To 007, I accept your explanation.
What I hope you understand in explanation of my response is that for me it's not the success of the individual shot but ultimately the ethical decision of taking a questionable shot in the first place...specifically how that represents each of us and a larger community of hunters.
The internet abounds with examples of guys taking 1,500-yard shots using high power optics and massive powder loads to achieve hyper muzzle velocities. I have no doubt there are some who are skilled enough to accomplish such a long range shot - the very fact that there are videos are testimony to this. Nevertheless, most hunters could never make this shot. The uncertainties and inconsistencies of wind direction and wind velocity over such a distance exceed the ability of most marksmen. Most who are capable of these shots rely on tables of ballistic data or ballistic computers (there are even watches sold now to perform these function). But in true one-up-manship fashion, folks with higher opinion of their skill than they deserve take these shots. Their overcharged rifles put them at risk of a rupture in the chamber from excessively hot loads. And how do these pseudo-marksman-hunters go about tracking a gut-hit game animal from 1-mile away anyway?
There are quite a few internet postings of head-shots to deer as well using the (clearly demonstrated in several postings here) clearly misapplied theory that because shooting a human in the head is an effective one-shot stop method that such a shot is effective for a game animal.
The problem again comes from mistakes that are often uncontrollable. Margin of error is critical for a successful shot. Again, there are marksmen of such skill to hit a target about the size of a candy bar but the margin of error is small. Add to that margin of error by what a game animal almost always moves first when curious, startled, or spooked; its head.
High percentage shots result in tracking ability for a wounded animal. Low percentage shots impose near certain death sentences upon animals who will suffer. What do you hit if you miss a head shot? Eyes, nose, jaw, ears (auditory canal), throat (not neck). What do you hit if you miss a vitals shot? Other vitals are nearby - heart, lungs, liver, major arteries all abound within a dinner-plate sized target. Broken limbs also make overtaking a wounded animal easier. A coup-de-grace to the neck or heart is a better use of a "double-tap" (Rule #2 - I didn't forget, nice "Zombieland" reference).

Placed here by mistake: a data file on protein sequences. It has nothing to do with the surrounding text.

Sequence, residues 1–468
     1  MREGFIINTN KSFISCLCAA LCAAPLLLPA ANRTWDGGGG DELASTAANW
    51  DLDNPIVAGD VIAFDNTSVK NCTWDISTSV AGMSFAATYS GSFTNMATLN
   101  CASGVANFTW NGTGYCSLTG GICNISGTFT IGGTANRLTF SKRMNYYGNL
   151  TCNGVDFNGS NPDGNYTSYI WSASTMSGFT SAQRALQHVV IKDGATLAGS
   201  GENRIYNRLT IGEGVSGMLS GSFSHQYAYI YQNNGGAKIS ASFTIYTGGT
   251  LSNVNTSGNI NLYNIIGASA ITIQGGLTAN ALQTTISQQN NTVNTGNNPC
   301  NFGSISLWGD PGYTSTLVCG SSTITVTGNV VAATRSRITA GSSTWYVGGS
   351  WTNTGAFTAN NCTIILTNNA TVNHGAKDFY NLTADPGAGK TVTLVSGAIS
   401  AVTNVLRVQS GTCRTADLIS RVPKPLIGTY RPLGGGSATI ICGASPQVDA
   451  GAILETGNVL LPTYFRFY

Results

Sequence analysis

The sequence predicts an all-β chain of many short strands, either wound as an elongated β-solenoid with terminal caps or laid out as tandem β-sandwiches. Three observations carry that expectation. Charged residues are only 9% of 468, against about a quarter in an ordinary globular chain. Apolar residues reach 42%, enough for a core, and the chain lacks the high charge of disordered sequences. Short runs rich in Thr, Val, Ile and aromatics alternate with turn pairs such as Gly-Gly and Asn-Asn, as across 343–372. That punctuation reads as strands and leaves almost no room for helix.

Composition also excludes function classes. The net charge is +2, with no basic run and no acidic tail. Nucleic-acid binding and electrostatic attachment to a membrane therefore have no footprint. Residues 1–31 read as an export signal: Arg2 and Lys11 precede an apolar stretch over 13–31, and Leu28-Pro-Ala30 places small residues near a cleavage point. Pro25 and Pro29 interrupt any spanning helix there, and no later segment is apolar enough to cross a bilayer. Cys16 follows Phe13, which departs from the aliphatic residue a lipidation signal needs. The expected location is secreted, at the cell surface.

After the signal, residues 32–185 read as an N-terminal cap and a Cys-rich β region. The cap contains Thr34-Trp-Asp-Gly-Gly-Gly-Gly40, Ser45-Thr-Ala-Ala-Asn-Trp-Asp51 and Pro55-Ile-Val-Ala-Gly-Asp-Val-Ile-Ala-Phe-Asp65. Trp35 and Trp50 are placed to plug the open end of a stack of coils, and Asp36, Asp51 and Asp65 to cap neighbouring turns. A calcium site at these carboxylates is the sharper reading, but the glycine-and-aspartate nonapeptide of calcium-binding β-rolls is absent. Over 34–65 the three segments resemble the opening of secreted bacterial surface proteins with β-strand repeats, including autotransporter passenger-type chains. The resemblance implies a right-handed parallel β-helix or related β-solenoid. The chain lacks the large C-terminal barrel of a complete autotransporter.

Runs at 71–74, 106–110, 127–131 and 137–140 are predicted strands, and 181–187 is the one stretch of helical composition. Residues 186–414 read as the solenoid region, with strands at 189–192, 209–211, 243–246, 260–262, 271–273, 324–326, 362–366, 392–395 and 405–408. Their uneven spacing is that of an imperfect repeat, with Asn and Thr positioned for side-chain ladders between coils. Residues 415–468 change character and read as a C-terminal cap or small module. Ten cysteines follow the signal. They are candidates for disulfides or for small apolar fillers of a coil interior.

In closing I want it to be clear. I hunt. I won't take a shot if I don't think it's ethical. It means I take fewer shots to be sure. I am trying to pass along a method of hunting to my daughter that is sustainable in our ever changing culture - it is hard to dispute that perceptions drive rules, regulations, and laws sometimes without merit. We do have the right to bear arms in the Constitution but such protection has not disuaded the imposition of restrictions on those who ordinarily follow the rules. When there are too many rules to make the process enjoyable, the practice of enjoyment evaporates. I see the dismissive treatment of a low-percentage shot as more dangerous than a discussion of muscle-twitching or meat harvesting techniques..."Do you cut all the way around the anus or use a butt-out tool?...Do you cut around a milk-sac or through it?"
Thank you for your more appropriate description and a less combative response. I apologize for my all too public disagreement and disagreeableness.
Hope to meet you on the trails someday. And maybe we can share stories of our respective experiences either in agreement or disagreement without these harumph, harumphs.